U.S. consumers' spending on in-game mobile virtual goods this year is set to exceed $168 million, according to a joint study by research firm Magid Associates and software developer Aurora Feint. The mobile virtual goods market is still nascent and holds great promises for marketers for the future. Here's why.
The study finds that 70 million Americans own smartphones, representing 23% of the overall population. Some 45% of those device owners play games on their smartphones, and out of that chunk (are you still with me?), 55% are interested in buying virtual goods. At the moment, only 16% spend an average $41 a year on in-game virtual goods but, the study says, it's already enough to surpass $168 million...
Surely, not. But look back a little. Just a year ago, AllThingsDigital was questioning its worth with a self-explanatory headline: "Virtual Goods + Mobile Payments = Small Market Worth Fighting For?" Today, as the Magid/Aurora Feint study shows, smartphone gamers download an average 14 games per year. That's a lot. And there's still plenty of room for expansion.
A Market Poised For Major Expansion
There are a few reasons why the market is poised for growth. First, the virtual gaming market in itself has great potential. Just think. The virtual economy as a whole is valued at $10 billion this year. If that were not enough, virtual gaming has become a powerful advertising channel in itself, thanks to stronger user engagement through virtual currency. The role of Zynga on Facebook's platform is best proof.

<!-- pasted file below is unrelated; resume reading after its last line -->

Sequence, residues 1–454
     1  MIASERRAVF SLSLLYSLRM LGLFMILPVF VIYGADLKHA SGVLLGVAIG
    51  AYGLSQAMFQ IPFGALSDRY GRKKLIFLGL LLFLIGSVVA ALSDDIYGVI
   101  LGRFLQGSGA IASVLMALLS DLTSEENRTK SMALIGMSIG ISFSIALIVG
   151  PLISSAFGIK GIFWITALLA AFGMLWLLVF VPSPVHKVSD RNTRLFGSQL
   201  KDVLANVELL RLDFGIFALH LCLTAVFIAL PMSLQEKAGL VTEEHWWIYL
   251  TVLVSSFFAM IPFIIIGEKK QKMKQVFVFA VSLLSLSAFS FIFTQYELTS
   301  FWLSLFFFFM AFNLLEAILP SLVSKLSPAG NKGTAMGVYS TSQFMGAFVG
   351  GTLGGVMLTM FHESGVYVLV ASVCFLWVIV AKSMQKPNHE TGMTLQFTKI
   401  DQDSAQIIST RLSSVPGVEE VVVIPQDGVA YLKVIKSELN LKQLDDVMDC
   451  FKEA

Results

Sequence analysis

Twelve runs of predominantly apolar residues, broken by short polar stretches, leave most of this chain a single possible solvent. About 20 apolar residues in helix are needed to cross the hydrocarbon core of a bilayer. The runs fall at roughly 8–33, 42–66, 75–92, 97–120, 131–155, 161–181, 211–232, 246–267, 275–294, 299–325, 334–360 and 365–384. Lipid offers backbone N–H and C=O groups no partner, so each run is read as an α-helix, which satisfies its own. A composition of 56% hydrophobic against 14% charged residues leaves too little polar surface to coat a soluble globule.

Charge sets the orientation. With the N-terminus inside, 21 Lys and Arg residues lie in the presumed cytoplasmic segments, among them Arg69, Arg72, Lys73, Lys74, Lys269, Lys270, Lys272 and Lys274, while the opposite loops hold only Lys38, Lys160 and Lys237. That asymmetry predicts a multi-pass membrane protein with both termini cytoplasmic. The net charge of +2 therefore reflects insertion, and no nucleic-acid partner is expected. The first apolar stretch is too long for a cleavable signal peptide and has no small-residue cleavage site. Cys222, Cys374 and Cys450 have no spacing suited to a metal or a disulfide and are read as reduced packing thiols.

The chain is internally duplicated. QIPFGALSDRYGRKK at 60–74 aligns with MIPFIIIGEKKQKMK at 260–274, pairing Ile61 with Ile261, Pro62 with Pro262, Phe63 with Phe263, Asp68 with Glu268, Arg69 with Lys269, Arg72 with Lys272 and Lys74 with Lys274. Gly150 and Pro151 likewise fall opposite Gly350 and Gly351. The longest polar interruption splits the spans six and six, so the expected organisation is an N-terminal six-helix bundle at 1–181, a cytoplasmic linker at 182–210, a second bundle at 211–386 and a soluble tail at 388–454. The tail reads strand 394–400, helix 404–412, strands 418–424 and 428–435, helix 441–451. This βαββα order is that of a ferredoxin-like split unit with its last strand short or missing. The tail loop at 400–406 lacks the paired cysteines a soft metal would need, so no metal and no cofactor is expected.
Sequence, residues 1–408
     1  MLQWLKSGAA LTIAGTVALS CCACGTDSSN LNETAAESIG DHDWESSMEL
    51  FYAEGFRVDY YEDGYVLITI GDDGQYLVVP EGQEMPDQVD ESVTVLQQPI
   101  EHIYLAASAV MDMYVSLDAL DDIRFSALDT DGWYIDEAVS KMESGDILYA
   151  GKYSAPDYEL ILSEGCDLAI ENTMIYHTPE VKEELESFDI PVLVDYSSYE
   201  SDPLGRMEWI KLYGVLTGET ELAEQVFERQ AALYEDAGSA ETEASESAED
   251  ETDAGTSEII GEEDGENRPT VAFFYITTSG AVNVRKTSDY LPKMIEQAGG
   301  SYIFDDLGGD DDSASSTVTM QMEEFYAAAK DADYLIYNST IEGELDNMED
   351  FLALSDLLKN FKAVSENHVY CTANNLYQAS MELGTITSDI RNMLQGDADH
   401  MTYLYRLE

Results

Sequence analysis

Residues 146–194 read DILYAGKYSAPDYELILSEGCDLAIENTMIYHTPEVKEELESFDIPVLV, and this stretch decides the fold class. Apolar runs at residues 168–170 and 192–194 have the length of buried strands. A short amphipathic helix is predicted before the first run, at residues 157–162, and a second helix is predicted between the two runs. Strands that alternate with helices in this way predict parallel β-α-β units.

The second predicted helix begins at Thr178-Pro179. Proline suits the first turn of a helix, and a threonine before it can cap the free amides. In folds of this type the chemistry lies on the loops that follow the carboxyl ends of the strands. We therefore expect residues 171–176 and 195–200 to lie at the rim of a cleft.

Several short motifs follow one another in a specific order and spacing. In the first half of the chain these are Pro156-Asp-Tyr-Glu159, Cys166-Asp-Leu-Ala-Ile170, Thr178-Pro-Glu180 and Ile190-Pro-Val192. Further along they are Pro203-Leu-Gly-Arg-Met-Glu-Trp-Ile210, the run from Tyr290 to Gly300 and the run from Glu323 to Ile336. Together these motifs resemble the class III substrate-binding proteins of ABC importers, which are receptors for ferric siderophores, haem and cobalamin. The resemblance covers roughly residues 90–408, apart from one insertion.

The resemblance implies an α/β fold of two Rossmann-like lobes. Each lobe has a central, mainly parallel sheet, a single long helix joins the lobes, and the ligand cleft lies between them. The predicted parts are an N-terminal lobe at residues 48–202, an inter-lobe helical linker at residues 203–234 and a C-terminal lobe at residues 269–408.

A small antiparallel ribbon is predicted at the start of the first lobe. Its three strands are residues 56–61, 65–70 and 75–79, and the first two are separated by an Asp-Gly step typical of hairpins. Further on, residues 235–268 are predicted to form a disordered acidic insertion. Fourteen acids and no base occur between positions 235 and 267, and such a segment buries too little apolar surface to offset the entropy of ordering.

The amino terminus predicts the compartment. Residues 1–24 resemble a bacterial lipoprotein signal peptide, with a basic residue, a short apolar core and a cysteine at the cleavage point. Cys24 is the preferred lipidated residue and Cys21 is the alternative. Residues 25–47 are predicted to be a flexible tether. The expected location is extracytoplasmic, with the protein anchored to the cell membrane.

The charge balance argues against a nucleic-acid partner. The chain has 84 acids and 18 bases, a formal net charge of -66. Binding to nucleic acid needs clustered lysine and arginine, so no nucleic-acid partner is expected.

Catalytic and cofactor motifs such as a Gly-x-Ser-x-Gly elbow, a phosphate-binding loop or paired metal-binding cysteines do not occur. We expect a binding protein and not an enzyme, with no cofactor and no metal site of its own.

Second, smartphone gamers are mostly men aged 18 to 34 years old. The earlier the uptake, the better. Pretty straight forward. Third, if you consider that only 23% of the overall U.S. population owns smartphones, imagine the scope of the market when the number of users grows to its full potential. "There's a lot of room for the market to keep taking off as smartphones continue to increase in popularity," said Mike Vorhaus, President, Magid Advisors. Finally, fourth point, the study does not include "standard" mobile phones with browser access that also allow gamers to take part in the fun. Do you see what that means?
Two companies are already quite known in the industry as they were early investors when no one would have bet on what is now becoming an industry: Boku and Zong. Both companies boast easy, seamless mobile purchases and work with gaming platforms. Although Zong has clinched a deal with Facebook earlier this year and secured $15 million in investment, Boku's market positioning towards virtual gaming is much clearer.
Here's their demo:
What Would Be The Next Step?
FastCompany may have an answer for us - Virtual Goods in Location-Aware Mobile Games: The Future of Product Placement. But that's a whole different story altogether. I suggest we keep it for later.
SEW's view:* What's Search Got to Do with It?
Steve Jobs has claimed, "Search is not happening on phones; people are using apps", and whilst at SEW we only somewhat agree with this statement, we do concur that 'content discovery' has changed with the maturity of mobile social networking. Content and product distribution via in-app purchasing platforms could prove more effective than searching app stores. Consumer propensity to buy virtual goods within social networks and mobile games suggests such a future is both likely and viable. It's plausible that gaming platforms may be the future portals of content discovery for mobile/social savvy audiences.